Raison d’Être, Mandate, and Role, and Operating Context

2022-23 Raison d’être

The Department of Public Safety and Emergency Preparedness (PS), also known as Public Safety Canada, plays a key role in discharging the Government's fundamental responsibility for the safety and security of its citizens. The Minister of Public Safety and the President of the Queen’s Privy Council and Minister of Emergency Preparedness are responsible for the Department.

Legislation governing the Department sets out three essential roles:

The Department provides strategic policy advice and support to the Ministers on a range of issues concerning our three Core Responsibilities: National Security, Community Safety and Emergency Management. The Department also delivers a number of grant and contribution programs related to these issues.

Mandate and role

Public Safety Canada works with the following five agencies and three review bodies, united in a single portfolio and all reporting to the Minister of Public Safety and President of the Queen’s Privy Council and Minister of Emergency Preparedness.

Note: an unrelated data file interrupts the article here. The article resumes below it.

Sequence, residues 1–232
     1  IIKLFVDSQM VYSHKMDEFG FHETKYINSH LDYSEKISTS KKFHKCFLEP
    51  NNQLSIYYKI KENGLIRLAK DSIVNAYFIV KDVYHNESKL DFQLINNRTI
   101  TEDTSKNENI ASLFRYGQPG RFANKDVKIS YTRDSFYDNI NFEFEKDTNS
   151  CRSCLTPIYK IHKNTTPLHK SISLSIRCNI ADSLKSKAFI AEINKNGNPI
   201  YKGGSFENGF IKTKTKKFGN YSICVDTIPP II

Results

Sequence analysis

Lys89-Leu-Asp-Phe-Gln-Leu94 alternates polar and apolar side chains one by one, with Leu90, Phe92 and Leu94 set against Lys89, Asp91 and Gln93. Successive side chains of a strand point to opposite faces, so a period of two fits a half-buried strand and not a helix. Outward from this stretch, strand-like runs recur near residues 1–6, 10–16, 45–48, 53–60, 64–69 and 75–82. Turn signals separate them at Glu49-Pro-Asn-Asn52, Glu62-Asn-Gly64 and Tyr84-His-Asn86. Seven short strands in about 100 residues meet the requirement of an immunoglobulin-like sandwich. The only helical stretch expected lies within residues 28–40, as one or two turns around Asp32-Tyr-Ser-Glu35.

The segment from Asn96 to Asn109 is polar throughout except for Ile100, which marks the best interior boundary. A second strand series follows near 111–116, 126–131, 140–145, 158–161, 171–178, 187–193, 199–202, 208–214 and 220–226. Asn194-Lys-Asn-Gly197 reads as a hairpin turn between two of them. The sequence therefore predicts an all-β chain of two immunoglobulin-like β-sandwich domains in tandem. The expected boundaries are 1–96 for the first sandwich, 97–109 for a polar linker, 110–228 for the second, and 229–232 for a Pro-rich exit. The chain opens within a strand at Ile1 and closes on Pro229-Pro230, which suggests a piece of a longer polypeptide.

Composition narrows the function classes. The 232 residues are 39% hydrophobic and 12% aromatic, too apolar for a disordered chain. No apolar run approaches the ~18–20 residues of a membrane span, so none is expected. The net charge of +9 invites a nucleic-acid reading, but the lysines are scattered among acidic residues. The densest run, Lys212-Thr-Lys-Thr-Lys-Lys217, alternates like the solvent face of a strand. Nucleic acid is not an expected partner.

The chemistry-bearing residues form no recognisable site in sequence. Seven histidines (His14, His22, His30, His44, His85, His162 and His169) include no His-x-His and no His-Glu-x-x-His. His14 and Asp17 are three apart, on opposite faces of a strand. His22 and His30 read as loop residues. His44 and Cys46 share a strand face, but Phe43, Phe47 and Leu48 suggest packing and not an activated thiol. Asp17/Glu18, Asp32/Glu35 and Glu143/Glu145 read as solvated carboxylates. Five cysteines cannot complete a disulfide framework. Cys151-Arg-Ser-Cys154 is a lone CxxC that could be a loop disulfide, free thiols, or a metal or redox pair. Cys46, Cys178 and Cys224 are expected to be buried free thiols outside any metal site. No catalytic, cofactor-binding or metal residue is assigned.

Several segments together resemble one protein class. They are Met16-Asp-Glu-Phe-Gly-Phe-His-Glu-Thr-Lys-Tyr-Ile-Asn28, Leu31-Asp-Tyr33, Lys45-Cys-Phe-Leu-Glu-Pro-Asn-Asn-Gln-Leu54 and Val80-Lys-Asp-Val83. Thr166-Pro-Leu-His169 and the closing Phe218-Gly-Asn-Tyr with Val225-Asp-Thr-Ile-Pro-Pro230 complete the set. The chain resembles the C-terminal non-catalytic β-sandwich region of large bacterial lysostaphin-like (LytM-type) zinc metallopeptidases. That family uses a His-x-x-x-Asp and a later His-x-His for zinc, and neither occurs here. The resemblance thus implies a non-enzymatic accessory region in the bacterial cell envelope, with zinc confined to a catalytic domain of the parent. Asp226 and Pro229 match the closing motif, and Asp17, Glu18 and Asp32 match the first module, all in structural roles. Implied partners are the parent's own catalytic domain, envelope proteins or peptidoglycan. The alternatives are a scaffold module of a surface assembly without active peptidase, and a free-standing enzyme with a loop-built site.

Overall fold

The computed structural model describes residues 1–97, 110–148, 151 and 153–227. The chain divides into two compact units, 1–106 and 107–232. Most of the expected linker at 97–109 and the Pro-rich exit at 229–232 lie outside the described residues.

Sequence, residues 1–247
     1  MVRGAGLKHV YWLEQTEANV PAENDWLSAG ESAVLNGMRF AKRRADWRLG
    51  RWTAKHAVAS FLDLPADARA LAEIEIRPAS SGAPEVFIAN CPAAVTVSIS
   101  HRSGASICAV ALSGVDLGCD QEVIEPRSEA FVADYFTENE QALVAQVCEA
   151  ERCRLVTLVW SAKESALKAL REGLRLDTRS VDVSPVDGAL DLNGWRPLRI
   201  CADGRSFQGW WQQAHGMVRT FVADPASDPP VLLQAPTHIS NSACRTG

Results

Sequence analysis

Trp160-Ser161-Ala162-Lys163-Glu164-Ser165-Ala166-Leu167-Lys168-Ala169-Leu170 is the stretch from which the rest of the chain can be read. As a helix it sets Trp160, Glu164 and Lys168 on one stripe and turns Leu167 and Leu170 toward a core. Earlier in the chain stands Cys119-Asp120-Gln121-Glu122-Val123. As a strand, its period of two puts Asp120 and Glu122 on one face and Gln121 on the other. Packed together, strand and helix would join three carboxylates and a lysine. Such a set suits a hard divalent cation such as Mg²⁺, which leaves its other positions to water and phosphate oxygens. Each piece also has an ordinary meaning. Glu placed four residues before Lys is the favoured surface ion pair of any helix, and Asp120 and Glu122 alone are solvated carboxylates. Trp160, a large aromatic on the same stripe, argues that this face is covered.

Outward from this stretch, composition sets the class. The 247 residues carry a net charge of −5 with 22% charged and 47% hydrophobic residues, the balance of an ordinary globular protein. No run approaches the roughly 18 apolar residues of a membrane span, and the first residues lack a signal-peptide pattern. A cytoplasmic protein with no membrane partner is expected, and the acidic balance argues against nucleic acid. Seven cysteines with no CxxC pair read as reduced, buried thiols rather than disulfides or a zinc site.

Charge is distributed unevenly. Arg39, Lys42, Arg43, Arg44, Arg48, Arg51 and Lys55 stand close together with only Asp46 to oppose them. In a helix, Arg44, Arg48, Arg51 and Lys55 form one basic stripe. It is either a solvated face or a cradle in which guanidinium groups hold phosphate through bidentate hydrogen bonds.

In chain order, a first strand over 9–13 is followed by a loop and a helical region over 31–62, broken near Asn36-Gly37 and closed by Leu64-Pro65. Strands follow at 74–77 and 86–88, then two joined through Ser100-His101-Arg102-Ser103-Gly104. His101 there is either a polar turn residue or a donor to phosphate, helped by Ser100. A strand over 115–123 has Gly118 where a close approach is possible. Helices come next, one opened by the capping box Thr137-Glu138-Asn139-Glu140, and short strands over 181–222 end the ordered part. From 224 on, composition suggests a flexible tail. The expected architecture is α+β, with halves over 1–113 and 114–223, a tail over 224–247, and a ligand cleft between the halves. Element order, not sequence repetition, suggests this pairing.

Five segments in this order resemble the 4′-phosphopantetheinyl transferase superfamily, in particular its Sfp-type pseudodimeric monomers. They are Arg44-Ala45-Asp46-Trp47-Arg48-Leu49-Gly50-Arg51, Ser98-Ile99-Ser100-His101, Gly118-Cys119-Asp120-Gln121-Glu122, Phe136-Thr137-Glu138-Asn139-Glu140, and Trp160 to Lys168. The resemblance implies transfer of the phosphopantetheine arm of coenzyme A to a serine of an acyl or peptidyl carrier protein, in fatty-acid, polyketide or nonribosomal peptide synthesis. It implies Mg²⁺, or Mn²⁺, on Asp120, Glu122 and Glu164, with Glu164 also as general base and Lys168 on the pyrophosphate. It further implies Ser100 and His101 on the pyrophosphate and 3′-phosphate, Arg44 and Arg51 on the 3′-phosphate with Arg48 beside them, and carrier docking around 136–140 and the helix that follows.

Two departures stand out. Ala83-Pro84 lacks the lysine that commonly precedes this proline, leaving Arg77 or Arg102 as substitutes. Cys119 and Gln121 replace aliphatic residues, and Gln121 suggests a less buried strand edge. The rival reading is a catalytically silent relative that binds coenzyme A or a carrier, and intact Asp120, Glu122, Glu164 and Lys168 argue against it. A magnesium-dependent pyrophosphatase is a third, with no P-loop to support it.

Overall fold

Public Safety Portfolio

Partner Agencies

Review Bodies

The Department’s mandate is to keep Canada safe from a range of risks such as natural disasters, crime and terrorism. As such, Public Safety Canada collaborates with federal partners as well as other levels of government, non-government organizations, community groups, the private sector, foreign states, academia, communities and first responders on issues related to national and border security, crime prevention, community safety and emergency management. This cooperation supports a cohesive and integrated approach to Canada’s safety and security.

The Department will also work towards fulfilling the commitments outlined in the Minister of Public Safety’s mandate letter and the President of the Queen’s Privy Council and Minister of Emergency Preparedness’ mandate letter.

Operating context

Over the past two years, the COVID-19 pandemic has had an impact on all countries, economies, businesses and people. It has affected the daily lives of Canadians, and placed a great burden on essential and front-line workers. The challenges faced by Canadians as a result of the pandemic are likely to persist well into 2022-23. As such, Public Safety Canada will continue to ensure that Canadians remain safe, secure and healthy, and that Canada’s community safety, national security, and emergency management capabilities are strengthened and supported.